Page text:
It is hard to believe that ten years ago many of us were glued to our television  sets watching a hurricane develop  in the Atlantic Ocean and then slowly but surely find its’ way to the Gulf Coast.  It was named –  Hurricane Katrina.  While no doubt a horrific hurricane that caused millions if not billions in damages, it truly was the flooding from when the levees broke that made this hurricane written in to the history books.  Who can forget the television footage of reporters on boats making their way through what were the beautiful streets of New Orleans? How can people erase the images of people crying out for help?  So many sad memories of those who evacuated, lost everything or suffered trauma that to this day may be unspeakable. It was “Katrina” that cast a dark shadow on the United States’ ability to help their own people during a crisis.  For many, Katrina will forever be remembered as a “one-two- three punch” of a storm.  First the hurricane, then the flooding and then the failure for help to arrive when needed the most.

Related: Video playlist of Hurricane Katrina footage and history

There is no question that we did not prepare nor evacuate and assist those in need to the best of our collective abilities.  Families were shipped off to different locales including sending relatives to opposite sides of the country. I recall meeting families who had been uprooted and sent to the Washington DC- Baltimore area. They simply were in shock. They had nothing.  Our local neighbors and religious organizations offered them food, clothing, toys for the kids and just about anything else we could think of!  I often wondered what has happened to them ten years later.  Did they go home to New Orleans?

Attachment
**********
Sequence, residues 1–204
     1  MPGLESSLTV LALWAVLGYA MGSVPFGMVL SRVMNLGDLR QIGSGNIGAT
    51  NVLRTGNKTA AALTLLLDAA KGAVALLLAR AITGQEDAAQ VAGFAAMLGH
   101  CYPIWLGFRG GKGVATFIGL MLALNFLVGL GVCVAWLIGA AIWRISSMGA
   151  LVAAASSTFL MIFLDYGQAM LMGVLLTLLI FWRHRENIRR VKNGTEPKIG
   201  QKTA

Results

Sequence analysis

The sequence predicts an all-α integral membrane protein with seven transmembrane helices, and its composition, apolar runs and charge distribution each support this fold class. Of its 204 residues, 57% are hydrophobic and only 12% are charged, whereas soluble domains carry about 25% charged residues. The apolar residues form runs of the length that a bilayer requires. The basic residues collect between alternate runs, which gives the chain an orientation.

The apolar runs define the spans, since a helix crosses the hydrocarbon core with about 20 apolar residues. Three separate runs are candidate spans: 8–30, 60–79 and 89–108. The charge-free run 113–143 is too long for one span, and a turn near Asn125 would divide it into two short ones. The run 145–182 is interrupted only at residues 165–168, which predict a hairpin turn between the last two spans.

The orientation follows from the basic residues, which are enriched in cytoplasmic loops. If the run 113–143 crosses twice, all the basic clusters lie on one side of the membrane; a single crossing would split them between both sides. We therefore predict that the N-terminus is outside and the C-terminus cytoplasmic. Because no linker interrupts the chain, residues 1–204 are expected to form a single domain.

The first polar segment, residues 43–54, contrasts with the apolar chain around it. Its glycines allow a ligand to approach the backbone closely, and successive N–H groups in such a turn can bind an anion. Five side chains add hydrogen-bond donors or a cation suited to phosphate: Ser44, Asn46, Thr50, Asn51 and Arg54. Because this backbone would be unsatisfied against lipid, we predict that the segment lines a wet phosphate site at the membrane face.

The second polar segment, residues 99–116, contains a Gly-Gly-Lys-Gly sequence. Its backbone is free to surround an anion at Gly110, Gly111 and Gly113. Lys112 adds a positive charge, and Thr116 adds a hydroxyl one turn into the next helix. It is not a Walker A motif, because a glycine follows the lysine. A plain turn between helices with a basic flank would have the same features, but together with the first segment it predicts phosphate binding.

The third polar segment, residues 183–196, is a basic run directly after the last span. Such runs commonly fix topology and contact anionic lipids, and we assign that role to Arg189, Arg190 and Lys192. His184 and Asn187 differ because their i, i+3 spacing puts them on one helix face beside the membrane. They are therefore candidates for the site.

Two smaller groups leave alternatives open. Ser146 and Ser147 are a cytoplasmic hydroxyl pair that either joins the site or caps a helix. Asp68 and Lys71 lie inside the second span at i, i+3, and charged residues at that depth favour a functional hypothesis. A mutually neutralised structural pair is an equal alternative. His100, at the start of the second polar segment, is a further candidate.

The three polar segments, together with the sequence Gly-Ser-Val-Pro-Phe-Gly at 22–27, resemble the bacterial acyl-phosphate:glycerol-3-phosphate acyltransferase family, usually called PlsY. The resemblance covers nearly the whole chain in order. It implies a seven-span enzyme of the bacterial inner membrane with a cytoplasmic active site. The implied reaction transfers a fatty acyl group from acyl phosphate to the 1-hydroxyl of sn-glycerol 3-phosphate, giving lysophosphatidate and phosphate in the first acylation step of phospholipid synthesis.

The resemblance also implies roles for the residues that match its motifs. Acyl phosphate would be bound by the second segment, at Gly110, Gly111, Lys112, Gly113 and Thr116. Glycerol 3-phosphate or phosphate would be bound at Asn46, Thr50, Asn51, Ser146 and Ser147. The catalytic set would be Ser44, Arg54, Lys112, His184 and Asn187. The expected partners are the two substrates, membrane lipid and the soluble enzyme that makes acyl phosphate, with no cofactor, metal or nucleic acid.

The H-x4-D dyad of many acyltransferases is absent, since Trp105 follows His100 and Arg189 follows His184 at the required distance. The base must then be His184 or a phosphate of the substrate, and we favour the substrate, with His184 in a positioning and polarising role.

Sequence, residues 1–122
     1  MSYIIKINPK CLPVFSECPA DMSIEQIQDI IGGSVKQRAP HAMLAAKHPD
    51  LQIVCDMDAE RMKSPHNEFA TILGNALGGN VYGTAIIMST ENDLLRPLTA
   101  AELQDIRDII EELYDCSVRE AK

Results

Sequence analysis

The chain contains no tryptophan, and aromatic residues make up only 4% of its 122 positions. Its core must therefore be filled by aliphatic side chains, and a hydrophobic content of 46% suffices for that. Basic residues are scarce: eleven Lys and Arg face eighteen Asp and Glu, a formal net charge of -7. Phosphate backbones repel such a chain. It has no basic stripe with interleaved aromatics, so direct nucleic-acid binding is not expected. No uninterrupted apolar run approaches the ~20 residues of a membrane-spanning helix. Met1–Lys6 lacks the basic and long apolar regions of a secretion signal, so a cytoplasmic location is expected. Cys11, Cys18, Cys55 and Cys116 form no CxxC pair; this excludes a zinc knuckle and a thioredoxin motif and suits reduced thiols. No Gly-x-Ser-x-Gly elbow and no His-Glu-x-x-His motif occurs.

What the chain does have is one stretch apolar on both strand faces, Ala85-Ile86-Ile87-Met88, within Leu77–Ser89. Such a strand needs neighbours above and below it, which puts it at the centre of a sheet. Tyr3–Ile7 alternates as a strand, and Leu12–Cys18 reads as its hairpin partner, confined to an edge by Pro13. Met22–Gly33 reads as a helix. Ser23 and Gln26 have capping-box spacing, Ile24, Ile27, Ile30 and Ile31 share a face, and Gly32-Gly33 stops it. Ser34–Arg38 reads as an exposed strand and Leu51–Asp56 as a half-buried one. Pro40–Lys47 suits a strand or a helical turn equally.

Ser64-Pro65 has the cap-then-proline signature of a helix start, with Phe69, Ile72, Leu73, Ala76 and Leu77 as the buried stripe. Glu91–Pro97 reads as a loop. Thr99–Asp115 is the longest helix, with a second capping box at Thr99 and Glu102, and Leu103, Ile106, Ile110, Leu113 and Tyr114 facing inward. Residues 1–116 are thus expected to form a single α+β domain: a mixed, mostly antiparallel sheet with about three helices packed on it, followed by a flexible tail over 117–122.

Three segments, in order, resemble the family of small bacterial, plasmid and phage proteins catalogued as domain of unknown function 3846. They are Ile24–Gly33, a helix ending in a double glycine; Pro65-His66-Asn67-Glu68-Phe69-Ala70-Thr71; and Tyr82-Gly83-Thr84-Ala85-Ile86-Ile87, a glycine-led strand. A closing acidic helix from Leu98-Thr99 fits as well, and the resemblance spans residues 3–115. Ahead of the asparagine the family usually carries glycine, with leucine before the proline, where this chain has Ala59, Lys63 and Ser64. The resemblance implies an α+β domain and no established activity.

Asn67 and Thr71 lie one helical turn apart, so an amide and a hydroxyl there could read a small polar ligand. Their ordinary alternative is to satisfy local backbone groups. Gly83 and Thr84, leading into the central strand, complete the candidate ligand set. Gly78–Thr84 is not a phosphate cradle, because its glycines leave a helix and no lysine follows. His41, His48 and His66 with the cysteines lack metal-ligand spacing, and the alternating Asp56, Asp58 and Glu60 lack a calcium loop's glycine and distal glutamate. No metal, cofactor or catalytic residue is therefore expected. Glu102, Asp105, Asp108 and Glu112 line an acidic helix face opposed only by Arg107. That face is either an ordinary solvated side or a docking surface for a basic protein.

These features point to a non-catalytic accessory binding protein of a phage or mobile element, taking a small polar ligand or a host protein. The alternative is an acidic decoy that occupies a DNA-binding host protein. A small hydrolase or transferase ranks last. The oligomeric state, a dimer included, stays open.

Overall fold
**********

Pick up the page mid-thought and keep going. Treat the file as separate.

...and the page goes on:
Then there were those who refused to leave their homes. Many because they wanted to “ride out the storm”. Yet a good number wouldn’t leave as they couldn’t handle leaving behind a family pet.  Others were unsure of how their elderly relatives or ones with special needs would be able to endure shelters- so they stayed.

And now looking back we now know that for some of these families these were fatal mistakes.

There must be some lessons we have learned since August of 2005? But, what are they?  How did we alter the way we prepare and respond to disasters since Katrina?